The feature-film debut of Métis writer-director-actor Gail Maurice brings us to the fringes of 1980s Montreal as seen through the eyes of a sweet and suddenly orphaned Indigenous girl.
Métis writer-director-actor Gail Maurice’s feature film debut tells the story of a suddenly orphaned Indigenous girl and her newly chosen family in Montreal in the 1980s.
Rosie (Keris Hope Hill) is a visibly Indigenous, English-speaking, sweet, and headstrong little girl and her mother has just died. A children’s services agent brings her to her only living relative, her Francophone aunt Frédèrique (Mélanie Bray). “Fred” doesn’t have a solid foundation on which to raise a child. She is unprepared — she’s working at an adult entertainment shop and threatened with eviction — and is at first unwilling to take on caring for her adopted sister’s young daughter.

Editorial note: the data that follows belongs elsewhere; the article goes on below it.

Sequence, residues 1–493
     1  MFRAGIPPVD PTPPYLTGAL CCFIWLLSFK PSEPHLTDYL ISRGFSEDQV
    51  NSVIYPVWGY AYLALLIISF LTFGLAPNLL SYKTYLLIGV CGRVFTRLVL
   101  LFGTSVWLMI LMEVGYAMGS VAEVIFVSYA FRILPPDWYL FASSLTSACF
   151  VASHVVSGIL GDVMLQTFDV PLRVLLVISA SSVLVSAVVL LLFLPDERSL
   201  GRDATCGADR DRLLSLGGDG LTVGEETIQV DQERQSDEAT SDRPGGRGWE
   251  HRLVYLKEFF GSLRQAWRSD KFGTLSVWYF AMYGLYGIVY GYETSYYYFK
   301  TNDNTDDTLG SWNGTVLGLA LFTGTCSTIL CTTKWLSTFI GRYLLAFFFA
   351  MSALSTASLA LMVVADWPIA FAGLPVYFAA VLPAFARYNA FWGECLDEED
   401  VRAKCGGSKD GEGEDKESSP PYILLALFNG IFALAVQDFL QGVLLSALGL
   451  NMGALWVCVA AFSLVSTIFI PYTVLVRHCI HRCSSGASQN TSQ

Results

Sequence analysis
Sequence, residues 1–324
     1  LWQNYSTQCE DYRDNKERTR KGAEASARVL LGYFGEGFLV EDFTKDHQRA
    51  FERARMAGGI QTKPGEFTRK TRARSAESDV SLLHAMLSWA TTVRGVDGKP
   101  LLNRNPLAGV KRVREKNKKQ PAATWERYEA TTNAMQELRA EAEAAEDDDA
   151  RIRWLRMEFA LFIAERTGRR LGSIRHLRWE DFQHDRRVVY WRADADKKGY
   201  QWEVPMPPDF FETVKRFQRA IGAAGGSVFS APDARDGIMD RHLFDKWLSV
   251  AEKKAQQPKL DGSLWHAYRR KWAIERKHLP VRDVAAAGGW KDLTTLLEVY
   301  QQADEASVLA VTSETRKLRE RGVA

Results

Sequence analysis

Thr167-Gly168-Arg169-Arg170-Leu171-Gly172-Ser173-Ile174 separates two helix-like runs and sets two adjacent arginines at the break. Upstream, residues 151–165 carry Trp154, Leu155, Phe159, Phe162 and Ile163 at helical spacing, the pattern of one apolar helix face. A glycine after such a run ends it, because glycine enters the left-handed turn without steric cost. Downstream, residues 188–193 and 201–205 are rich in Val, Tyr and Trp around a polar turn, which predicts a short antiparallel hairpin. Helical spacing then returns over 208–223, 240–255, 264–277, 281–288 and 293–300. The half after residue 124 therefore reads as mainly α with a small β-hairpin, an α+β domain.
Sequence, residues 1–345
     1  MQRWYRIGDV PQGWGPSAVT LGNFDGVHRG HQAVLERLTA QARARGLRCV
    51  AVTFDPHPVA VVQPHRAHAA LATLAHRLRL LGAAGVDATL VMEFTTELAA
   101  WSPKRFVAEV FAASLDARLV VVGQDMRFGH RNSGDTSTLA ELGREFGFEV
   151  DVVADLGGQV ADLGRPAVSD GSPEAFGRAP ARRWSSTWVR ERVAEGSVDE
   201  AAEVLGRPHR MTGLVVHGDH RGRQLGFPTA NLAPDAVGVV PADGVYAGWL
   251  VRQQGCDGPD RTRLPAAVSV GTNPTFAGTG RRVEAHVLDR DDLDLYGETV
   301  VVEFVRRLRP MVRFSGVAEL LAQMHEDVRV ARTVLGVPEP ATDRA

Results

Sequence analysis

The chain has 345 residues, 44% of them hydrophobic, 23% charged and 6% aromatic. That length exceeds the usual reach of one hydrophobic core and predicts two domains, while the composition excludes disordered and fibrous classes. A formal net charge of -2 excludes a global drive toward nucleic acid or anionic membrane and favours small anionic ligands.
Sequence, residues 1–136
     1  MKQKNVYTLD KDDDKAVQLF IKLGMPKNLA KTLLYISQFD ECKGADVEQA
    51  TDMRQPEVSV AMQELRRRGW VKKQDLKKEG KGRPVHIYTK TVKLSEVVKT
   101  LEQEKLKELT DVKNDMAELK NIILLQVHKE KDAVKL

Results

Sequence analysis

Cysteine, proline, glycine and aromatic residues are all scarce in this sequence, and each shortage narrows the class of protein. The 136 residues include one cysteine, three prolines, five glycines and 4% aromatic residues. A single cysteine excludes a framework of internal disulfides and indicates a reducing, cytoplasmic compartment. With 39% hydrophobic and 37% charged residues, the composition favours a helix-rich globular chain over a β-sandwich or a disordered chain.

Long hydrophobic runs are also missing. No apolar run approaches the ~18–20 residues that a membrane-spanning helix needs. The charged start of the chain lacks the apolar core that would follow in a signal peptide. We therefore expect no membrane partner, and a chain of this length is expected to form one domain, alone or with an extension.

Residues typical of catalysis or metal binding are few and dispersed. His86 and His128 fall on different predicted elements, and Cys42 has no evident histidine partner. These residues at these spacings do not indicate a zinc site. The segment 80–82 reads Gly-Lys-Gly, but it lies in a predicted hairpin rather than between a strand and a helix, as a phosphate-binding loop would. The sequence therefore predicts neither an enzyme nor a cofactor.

From images of people working on the street to a scene involving sleeping rough in a car in a junkyard, ROSIE captures an uncomfortable reality understood through innocent eyes. Seeing things from the girl’s viewpoint explains why Fred’s gender-bending friends — from the Cree perspective of being genderless — Flo (Constant Bernard) and Mo (Alex Trahan) appear in various forms of drag, and why the night in the car is seen as a fun camping experience. The film focuses on characters living on the fringes of society, including a homeless Cree man (Brandon Oakes), and how united and transformed they become through the eponymous character’s vibrant presence.
Touching on the Sixties Scoop and disconnection from Indigenous identity, ROSIE is an ode to finding your chosen family when your blood relations have been removed from the picture.